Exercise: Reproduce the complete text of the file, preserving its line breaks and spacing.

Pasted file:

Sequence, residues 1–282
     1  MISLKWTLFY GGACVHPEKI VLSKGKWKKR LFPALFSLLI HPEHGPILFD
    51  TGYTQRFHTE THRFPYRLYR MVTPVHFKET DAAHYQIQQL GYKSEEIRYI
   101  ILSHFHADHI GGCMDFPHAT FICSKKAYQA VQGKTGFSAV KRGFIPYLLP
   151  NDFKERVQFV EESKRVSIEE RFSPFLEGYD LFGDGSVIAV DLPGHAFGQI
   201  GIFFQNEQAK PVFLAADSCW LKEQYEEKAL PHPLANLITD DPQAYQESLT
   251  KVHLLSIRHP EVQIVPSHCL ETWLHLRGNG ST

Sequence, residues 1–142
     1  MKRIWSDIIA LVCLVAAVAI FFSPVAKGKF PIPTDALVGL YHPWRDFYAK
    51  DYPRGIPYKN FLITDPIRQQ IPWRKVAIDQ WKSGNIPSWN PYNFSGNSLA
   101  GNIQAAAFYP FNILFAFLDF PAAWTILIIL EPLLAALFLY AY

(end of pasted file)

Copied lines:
Sequence, residues 1–282
     1  MISLKWTLFY GGACVHPEKI VLSKGKWKKR LFPALFSLLI HPEHGPILFD
    51  TGYTQRFHTE THRFPYRLYR MVTPVHFKET DAAHYQIQQL GYKSEEIRYI
   101  ILSHFHADHI GGCMDFPHAT FICSKKAYQA VQGKTGFSAV KRGFIPYLLP
   151  NDFKERVQFV EESKRVSIEE RFSPFLEGYD LFGDGSVIAV DLPGHAFGQI
   201  GIFFQNEQAK PVFLAADSCW LKEQYEEKAL PHPLANLITD DPQAYQESLT
   251  KVHLLSIRHP EVQIVPSHCL ETWLHLRGNG ST

Sequence, residues 1–142
     1  MKRIWSDIIA LVCLVAAVAI FFSPVAKGKF PIPTDALVGL YHPWRDFYAK
    51  DYPRGIPYKN FLITDPIRQQ IPWRKVAIDQ WKSGNIPSWN PYNFSGNSLA
   101  GNIQAAAFYP FNILFAFLDF PAAWTILIIL EPLLAALFLY AY